Access to a person’s juvenile crime records is much more restricted than access to adult crime records. Most states consider juvenile crime records confidential and will deny the public and media access. Access to juvenile records is usually only granted to certain persons and organizations, such as:
- Local, state and federal law enforcement
- Court officials
- The juvenile’s attorney
- Victims or potential victims
- School officials
Access to juvenile criminal records may not be automatic. Persons or organizations seeking access might have to get court permission by making a showing of good cause, and even then, the court may have the authority to deny the request in its discretion. In addition, most states have laws that make an exemption for juvenile records to be available to the public and only give limited access to the juvenile, his or her parents, or other legal authorities.
Some states, like Tennessee and Colorado, allow access to juvenile records depending on the age of the juvenile and the severity of the crime. Tennessee will permit access in cases where the juvenile is 14 years of age or older and is charged with a serious crime. Colorado will open records if the juvenile is 12 years of age or older and if the juvenile was charged with a violent crime.
Some states have exceptions to the general confidentiality provided juvenile records when the juvenile is charged with a particularly violent crime or a crime that would be a felony if committed by an adult. States that currently have this exception are Arkansas, California, Colorado, Georgia, Indiana, Minnesota, Missouri, Oklahoma, Tennessee, Vermont, and Washington.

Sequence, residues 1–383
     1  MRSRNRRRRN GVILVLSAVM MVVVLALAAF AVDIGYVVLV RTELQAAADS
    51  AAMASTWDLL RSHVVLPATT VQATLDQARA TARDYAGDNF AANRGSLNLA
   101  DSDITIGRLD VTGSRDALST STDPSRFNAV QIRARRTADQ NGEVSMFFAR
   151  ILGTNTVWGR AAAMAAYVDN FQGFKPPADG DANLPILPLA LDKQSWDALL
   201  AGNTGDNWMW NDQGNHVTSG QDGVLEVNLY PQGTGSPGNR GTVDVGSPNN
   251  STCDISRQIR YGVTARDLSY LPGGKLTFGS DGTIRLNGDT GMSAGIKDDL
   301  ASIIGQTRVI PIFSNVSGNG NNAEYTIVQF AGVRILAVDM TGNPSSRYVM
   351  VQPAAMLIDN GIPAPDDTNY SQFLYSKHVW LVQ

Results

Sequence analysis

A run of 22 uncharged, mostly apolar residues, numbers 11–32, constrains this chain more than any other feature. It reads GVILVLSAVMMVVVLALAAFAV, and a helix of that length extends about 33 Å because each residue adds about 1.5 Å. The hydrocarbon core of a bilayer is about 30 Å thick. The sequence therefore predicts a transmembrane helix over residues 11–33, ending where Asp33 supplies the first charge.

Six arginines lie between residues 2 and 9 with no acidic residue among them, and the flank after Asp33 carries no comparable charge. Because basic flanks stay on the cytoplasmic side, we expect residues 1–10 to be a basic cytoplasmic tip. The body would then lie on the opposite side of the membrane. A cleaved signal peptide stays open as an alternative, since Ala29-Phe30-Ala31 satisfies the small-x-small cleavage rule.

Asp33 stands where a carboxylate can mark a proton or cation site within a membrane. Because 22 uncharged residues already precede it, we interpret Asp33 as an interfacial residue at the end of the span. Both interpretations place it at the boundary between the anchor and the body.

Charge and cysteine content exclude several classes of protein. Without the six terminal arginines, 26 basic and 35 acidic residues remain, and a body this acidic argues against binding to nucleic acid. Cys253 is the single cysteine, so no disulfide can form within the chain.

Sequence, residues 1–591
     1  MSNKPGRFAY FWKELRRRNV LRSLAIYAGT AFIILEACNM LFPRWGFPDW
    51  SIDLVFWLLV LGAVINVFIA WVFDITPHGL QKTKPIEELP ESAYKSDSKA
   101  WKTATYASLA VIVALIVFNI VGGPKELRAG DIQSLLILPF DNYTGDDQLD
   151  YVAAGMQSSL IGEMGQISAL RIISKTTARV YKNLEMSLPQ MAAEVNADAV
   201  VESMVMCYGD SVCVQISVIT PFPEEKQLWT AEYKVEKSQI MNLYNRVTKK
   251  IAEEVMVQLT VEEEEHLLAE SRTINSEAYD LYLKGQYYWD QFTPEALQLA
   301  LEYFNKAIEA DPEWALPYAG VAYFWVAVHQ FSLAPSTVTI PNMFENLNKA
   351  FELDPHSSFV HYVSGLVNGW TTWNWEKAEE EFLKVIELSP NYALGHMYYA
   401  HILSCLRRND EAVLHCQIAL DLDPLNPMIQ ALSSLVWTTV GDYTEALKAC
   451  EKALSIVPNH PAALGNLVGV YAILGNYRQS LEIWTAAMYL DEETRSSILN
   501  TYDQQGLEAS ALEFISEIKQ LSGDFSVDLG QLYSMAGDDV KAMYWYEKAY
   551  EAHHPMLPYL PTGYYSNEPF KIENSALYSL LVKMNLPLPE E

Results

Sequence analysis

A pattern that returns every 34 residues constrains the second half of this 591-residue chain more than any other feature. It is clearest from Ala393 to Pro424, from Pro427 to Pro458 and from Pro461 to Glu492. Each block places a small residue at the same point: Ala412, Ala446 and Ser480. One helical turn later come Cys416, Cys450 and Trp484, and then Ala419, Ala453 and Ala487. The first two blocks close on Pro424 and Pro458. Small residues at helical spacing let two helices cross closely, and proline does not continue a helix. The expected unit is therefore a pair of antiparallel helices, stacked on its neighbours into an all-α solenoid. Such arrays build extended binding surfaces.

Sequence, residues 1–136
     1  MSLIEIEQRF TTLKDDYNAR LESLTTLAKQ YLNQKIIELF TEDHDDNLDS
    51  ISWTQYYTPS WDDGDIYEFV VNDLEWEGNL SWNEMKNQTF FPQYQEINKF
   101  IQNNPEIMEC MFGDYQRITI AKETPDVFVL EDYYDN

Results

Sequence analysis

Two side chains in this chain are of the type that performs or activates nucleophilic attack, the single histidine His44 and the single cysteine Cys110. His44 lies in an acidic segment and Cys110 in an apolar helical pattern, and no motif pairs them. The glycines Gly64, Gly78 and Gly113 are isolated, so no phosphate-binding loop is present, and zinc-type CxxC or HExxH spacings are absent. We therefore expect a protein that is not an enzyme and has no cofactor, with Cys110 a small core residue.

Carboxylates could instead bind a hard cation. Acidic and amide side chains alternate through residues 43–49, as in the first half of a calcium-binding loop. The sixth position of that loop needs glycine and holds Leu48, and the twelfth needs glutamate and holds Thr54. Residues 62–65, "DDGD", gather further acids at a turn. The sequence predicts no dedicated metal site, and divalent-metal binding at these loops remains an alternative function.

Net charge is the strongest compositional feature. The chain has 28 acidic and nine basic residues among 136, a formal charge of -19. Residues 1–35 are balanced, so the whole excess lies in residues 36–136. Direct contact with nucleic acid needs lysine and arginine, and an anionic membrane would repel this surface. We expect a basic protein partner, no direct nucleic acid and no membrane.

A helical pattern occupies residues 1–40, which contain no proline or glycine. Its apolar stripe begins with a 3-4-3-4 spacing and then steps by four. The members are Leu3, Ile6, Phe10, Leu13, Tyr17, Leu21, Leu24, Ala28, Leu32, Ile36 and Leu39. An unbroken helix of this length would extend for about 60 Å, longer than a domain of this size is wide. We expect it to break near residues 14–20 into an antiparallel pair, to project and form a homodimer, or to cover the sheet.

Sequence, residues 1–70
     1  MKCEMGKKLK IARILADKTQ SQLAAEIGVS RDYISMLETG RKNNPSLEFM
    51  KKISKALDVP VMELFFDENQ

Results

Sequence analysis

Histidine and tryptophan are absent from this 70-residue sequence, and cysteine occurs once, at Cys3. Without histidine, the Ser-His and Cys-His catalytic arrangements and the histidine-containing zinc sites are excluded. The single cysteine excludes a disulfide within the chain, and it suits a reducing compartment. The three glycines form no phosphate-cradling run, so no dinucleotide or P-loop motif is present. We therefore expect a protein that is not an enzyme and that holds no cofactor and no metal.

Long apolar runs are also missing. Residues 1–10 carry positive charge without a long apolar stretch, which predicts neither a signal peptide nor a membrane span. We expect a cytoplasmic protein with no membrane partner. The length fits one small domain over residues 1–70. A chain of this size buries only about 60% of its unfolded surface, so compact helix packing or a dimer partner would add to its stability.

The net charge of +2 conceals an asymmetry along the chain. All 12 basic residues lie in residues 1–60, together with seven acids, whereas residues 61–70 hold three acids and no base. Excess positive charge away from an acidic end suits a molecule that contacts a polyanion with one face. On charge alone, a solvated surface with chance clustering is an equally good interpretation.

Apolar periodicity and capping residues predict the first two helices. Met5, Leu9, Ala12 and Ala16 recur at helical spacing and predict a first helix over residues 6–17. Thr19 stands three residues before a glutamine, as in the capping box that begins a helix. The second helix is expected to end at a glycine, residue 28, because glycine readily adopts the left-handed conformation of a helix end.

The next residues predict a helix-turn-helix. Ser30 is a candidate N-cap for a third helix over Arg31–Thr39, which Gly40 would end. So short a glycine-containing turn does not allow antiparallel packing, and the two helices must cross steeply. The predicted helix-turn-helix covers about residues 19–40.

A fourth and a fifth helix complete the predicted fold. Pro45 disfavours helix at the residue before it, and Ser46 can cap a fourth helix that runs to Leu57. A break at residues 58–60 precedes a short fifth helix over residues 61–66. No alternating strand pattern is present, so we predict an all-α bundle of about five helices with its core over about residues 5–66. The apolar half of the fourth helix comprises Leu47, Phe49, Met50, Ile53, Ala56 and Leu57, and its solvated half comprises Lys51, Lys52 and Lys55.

On the other hand, some states guarantee that juvenile records will remain sealed to the public and media after a person turns 21 years old, as long as he did not commit another serious crime after the age of 18.
Juvenile records showing up on employment background checks depend on the state that the background check is being conducted. Each state adopts its own laws and guidelines that govern how juvenile records should be handled. Some states do not allow juvenile records to show up on employment background checks. However, if the background checks are being conducted by the government or for a government purpose, the record may show up.
However, expungement does not eliminate all the consequences of a juvenile court conviction. The most significant is that the record may be used against you in further proceedings. For example, even an expunged conviction can serve as a strike that produces harsher punishment under a state’s Three Strikes statute.
Juvenile offenders may be able to file a petition in court to seek an expungement to seal their juvenile court conviction. Expungement allows juvenile offenders to tell prospective employers, landlords, and licensing agencies that they have never been arrested or convicted.
If you have a problem regarding access to juvenile crime records, an attorney with experience in juvenile crime can provide invaluable assistance. State laws regarding the confidentiality of juvenile records can vary greatly, but a criminal law attorney familiar with your state’s laws will know how to best protect or access those records.